Studland bay is located between Swanage and Poole (via a chain ferry), and with its beautiful sandy beaches and good facilities everyone from children to naturists will be happy.
As the cooler weather comes in I thought I’d revisit some of the summer holidays we’ve spent at Studland beach. My husband and his family introduced me to the beach as they’ve been going there since before ED was born. It is a beautiful beach and now we’ve got the children I can appreciate how child friendly it is.
The National Trust car park is located behind the beach where you can park for free if you are a member. There is a toilet block with outside showers, a shop and a cafe, which has high chairs, but for some reason they removed the microwave when they refurbished it last year and refused to heat baby food because their microwave is industrial high strength (I complained several times last year so would like to think they would resolve this but I didn’t need to use it this year so I don’t know, but there was no obvious microwave). There is also a cafe and toilet block at Middle beach (walking along the beach away from the National Trust towards Poole).
The sea is shallow so children can safely walk out without suddenly finding a deep bit; at times they can walk out for several meters and still only have water up to their waist. The sea can be bit rocky and weedy in a few places close to the shore, but once through that it is sand under foot. On calmer days, the water can be surprisingly clear so you can often see fish without a snorkel, just looking down into the water, this means children with a net can catch all sorts of sealife. This summer B caught crabs, small fish, sea eel and shrimps. On calm days it is also a good place to paddleboard, in fact the National Trust sometimes run paddleboard yoga sessions. There are plenty of places to paddleboard in Dorset if you like variety.
The bay is popular with boats, and on warm days there will be a variety of small boats in the water including blow up dinghies, canoes, small sailing boats and motor boats (there is a 5 knot speed limit close to the beach). Boats can easily be taken in and out of the water using the slipway accessed from the car park via the boat park; boats can be stored all year round in the boat park but can also taken down for a day. You can hire sailing boats and pedaloes near the National Trust shop.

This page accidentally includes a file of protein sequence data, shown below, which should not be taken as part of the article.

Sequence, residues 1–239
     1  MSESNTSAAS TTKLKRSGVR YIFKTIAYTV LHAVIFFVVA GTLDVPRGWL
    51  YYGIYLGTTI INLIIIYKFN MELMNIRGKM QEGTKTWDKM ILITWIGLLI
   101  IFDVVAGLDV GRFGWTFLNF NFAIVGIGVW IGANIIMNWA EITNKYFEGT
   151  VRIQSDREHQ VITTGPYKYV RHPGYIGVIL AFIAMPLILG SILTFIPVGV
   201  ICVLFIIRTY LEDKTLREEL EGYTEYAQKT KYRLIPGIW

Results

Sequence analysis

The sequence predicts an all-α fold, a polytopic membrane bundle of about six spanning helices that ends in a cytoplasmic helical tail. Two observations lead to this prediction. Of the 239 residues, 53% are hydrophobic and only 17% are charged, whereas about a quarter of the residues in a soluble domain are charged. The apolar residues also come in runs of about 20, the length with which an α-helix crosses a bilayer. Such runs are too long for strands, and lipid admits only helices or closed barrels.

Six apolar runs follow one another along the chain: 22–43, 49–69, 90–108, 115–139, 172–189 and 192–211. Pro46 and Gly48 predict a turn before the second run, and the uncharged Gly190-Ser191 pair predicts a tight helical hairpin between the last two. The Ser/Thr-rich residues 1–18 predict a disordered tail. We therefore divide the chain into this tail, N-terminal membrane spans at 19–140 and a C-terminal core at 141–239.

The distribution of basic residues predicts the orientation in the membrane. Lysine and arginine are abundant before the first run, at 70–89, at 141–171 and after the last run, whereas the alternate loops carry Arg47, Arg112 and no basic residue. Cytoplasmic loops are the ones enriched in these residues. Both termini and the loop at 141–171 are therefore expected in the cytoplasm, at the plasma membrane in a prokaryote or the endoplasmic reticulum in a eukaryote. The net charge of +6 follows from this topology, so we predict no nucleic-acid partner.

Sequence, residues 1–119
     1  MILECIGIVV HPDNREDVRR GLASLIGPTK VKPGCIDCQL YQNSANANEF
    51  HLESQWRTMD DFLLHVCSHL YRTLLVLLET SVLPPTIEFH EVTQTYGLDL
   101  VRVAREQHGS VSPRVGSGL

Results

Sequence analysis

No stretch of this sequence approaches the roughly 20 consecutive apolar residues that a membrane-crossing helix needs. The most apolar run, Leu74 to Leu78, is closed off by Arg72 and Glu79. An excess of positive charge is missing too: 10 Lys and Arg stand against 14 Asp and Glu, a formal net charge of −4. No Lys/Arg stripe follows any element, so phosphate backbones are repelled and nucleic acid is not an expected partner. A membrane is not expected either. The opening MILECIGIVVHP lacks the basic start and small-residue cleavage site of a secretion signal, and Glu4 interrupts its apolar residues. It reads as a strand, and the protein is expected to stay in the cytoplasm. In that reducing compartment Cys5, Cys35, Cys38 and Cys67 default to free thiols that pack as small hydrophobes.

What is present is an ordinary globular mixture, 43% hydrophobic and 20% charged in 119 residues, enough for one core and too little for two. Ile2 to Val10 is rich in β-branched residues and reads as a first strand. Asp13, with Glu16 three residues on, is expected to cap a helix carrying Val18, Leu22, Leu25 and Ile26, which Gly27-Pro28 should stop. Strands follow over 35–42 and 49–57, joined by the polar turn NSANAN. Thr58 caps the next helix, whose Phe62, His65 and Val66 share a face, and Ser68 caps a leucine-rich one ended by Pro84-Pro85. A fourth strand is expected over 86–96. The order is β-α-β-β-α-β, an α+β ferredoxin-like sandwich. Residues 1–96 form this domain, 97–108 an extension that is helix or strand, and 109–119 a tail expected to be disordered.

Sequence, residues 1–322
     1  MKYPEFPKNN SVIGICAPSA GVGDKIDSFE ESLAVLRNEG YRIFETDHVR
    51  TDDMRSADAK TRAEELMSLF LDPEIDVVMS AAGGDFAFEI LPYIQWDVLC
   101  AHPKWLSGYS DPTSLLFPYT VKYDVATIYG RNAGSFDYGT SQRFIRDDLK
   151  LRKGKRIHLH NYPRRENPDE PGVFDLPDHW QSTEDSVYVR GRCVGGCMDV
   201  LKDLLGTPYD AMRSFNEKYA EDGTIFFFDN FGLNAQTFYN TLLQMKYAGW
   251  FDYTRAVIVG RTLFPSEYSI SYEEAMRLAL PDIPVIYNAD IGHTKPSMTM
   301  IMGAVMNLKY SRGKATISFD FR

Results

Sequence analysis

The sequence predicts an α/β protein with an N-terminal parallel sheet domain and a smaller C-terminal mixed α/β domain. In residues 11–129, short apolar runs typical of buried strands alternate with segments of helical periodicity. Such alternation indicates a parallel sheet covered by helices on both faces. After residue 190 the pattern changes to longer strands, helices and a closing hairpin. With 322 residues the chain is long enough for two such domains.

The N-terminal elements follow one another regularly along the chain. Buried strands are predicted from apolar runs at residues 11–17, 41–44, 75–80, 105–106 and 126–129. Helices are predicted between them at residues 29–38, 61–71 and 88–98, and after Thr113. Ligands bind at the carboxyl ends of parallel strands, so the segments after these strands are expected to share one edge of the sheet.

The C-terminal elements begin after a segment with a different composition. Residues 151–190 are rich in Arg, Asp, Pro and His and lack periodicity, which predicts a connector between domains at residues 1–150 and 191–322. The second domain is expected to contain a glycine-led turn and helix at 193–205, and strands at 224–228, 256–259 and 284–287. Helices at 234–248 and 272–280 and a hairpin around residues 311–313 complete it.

Due to the shelter provided by Old Harry Rocks the bay can be popular with yachts who can anchor on the west side of the bay, although there is a voluntary no anchor zone marked by 4 yellow buoys in each corner, to protect the local seahorse population.
I’ve been on two sailing holidays where we’ve anchored overnight in the bay. It is wonderful to wake up to the view of the Studland beach in the morning, and to be able to stay on the beach late at night when it is quiet.
There are lots of different walks you can start from Studland beach. You can walk towards Swanage along the coast line, passing Fort Henry (Winston Churchill used this as an observation point to watch D-Day landing preparations), on to the Jurassic Coast path and out to Old Harry rocks. This can be a popular walk, but the paths are wide and the views of Old Harry and Studland beach are worth seeing. Walking inland you can find the Agglestone rock, a very large sand stone rock which looks very strange sitting among the heath land. Walking towards Poole there are dune walks and a woodland walks which includes a bird hide overlooking the freshwater lake known as Little Sea.
Although I said I’m reliving my summer with this post, we actually visit the beach throughout the year and in all weathers. The children are always happy to dig in the sand and paddle in the sea!
Which is your favourite UK beach? What are your favourite beach activities?
Disclaimer: non required. This post is based on many years visiting Studland beach and I’m a paid member of the National Trust.